With Republicans set on Monday to block Robert Wilkins’s nomination to the D.C. Circuit Court of Appeals, both parties’ positions appear hopelessly intractable.
The only thing that may be able to preserve the GOP’s ability to filibuster judicial nominees is another extended battle over the Senate rules that forces a truce between the caucuses of Senate Majority Leader Harry Reid and Minority Leader Mitch McConnell.
Here’s a statistic I’ve read: 86.8 percent of President Bush’s judicial nominees were confirmed. Some of his nominees — Harriet Miers is a notable example — were blocked by his own party, not just Democrats. That didn’t stop political partisans — Senate Majority Leader Bill Frist, for one, and the Family Research Council’s Tony Perkins, for another — from stoking the perpetual butthurt and persecution complex of gullible Evangelical Christians in framing a battle over judicial nominees as a “Filibuster Against People Of Faith.”
Remember that? Remember:
Frist is trying to win support for a ban on the use of the filibuster, a technique to delay Senate business, to block votes on judicial nominees. He has agreed to give a videotaped speech Sunday for Justice Sunday: Stop the Filibuster Against People of Faith.
The program, which also features prominent religious leaders such as James Dobson, founder of Focus on the Family, is sponsored by the socially conservative Family Research Council. Churches, groups and individuals can sign up at http://www.frc.org to watch by satellite or on the Internet.
A brochure for the program, originating at a church in Louisville, says the filibuster “was once abused to protect racial bias, and now it is being used against people of faith.” Perkins says “activist courts” are conspiring “to rob us of our Christian heritage” and urges “values voters” to support Frist.
That was April 2005. Two other Justice Sundays followed: one in August 2005 at Nashville’s Two Rivers Baptist Church, called “God Save the United States and this Honorable Court,” which was timed to coincide with John Roberts’ confirmation hearings. The third event was held at a Baptist church in Philadelphia on the eve of Samuel Alito’s Supreme Court confirmation hearings. This one was labeled “Proclaim Liberty Throughtout The Land.”
As with all things right-wing, these events (especially the first one) were the newest shiny-sparkly thing to grab the media’s attention, and there were front page stories and endless hours of cable news programs devoted to them. The rallying cry, as you will recall, was “the president’s nominees deserve an up or down vote.” We heard that one ad nauseum.
Fast forward to the next administration, in which the president happens to be a Democrat, and suddenly the shoe is on the other foot. Suddenly Obama is “packing the courts.” Fewer than half of President Obama’s judicial nominees have been confirmed. And yet, there have been no rallies about the president’s nominees deserving an up or down vote, no church-based (or union hall-based) events about filibustering the working class, minorities and women. There has been no “Occupy The Courts” movement or marches on Washington or bully tactics to force the Senate opposition into giving us our way.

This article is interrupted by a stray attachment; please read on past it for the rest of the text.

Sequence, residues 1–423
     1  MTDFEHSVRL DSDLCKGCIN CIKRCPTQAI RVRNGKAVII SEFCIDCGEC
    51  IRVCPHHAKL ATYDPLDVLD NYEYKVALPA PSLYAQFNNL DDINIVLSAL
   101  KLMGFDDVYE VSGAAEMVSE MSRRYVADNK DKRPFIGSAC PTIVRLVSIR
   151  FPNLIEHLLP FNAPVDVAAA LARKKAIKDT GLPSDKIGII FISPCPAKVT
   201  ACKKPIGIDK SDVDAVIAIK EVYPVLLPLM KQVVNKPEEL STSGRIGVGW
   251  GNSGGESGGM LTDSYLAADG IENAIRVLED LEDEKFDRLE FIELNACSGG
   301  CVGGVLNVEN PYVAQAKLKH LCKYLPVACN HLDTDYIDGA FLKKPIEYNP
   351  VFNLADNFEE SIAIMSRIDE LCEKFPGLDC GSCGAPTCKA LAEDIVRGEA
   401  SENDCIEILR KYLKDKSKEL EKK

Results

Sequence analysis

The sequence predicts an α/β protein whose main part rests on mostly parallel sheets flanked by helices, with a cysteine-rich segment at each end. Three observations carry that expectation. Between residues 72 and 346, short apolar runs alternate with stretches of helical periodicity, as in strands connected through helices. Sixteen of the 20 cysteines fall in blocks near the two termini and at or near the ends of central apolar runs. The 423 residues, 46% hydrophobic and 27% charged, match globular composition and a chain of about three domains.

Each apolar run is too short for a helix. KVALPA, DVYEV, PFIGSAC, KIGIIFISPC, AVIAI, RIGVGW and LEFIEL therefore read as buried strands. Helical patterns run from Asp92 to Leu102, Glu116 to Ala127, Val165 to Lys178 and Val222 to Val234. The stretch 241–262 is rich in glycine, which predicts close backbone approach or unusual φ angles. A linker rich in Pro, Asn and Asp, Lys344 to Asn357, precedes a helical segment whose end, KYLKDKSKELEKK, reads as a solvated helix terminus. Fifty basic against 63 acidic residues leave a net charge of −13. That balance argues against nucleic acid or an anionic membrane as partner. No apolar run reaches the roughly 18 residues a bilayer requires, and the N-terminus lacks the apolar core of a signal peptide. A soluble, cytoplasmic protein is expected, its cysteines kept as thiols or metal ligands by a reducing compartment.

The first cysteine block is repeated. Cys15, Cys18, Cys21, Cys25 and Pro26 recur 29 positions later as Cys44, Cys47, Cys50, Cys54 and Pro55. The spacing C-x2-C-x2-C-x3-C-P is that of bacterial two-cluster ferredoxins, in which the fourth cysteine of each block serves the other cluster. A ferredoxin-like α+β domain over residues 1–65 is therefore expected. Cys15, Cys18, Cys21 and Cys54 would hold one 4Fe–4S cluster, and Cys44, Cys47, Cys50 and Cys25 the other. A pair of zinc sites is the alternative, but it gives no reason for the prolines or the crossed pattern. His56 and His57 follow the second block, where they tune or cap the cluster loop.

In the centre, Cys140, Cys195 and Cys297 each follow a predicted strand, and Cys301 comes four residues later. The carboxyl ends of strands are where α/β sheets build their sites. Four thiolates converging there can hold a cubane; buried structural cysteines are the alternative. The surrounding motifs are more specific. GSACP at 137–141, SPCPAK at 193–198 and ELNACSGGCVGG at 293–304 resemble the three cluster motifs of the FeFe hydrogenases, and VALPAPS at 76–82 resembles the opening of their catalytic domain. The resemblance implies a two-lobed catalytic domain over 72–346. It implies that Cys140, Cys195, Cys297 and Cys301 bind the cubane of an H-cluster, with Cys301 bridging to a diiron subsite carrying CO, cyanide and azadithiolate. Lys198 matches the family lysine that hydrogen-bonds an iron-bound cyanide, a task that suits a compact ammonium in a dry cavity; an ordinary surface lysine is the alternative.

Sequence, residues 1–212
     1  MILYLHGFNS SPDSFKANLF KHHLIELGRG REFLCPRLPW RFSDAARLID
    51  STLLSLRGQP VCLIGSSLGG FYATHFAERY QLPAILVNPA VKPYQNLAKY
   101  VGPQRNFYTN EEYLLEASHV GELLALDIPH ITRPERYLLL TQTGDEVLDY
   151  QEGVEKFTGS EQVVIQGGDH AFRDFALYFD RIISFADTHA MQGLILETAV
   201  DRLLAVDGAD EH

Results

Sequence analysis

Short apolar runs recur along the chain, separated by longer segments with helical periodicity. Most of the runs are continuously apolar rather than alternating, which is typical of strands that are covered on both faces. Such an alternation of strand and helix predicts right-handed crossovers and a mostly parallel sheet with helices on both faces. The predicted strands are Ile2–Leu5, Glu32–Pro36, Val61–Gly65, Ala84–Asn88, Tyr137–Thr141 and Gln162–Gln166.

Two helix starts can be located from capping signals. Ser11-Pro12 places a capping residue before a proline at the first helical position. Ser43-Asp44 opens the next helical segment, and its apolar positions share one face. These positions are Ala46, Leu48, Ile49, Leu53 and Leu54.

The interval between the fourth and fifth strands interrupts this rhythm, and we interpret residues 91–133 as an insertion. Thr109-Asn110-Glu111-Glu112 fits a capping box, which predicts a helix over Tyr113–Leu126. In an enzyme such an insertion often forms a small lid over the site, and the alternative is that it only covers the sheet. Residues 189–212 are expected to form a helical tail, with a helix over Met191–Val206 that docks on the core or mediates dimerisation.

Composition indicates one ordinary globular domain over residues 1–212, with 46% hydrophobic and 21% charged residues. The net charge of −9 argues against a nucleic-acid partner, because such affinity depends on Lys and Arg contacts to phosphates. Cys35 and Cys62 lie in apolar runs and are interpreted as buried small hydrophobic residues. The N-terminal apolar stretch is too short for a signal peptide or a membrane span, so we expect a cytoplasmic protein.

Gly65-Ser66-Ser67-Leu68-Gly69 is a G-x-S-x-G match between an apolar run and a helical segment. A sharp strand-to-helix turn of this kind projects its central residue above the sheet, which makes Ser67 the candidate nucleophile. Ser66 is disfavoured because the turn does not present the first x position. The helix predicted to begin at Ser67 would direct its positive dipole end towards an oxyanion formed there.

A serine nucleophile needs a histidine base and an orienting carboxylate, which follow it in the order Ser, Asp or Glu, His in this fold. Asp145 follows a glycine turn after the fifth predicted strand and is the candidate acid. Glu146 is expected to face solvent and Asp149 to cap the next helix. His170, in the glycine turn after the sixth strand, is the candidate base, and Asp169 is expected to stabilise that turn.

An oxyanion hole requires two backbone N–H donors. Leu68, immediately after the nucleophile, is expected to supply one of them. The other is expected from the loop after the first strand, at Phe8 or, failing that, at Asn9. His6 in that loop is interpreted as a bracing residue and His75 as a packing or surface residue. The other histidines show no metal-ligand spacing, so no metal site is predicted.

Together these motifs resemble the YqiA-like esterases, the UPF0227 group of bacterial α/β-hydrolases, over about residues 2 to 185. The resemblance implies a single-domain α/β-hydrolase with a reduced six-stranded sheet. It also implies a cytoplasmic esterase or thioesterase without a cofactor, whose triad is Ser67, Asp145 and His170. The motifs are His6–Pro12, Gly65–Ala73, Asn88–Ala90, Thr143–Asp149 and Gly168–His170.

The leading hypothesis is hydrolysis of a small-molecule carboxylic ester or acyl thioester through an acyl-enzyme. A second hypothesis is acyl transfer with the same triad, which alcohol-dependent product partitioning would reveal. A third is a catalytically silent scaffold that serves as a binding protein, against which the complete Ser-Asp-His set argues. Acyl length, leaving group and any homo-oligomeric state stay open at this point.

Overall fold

Republican presidents have it so easy. Once they’re in office there’s an entire network of apparatchiks across every facet of American society ready to support that president’s agenda. Democratic presidents have no such support network. Liberal apparatchiks are too busy whining about getting thrown under the bus on x, y, or z issue to bother having the presidential back on things like judicial nominees. We know, intuitively, how important the courts are to our cause, yet we’ve done precious little when President Obama’s highly-qualified picks have been blocked by Republican obstruction.
When I look back and reflect on how much time and energy was devoted to discussing the Justice Sunday events eight years ago, I am simply amazed at the strategic skills of the Republican right. Think about it: the very same people claiming it was evil and un-American and an assault on judicial independence to filibuster a judicial nominee turned round and lobbied for that very thing when Sonia Sotomayor was nominated to the Supreme Court. Amazing. And yet, no one, least of all the “liberal media,” laughed them out of the room.
No one has pointed out that the right’s event-based activism really lacks any philosophical integrity. It’s really just all about making sure their side wins. I don’t know why the media plays along with this whole charade. And I don’t know why the left doesn’t do a better job of coming together on these things.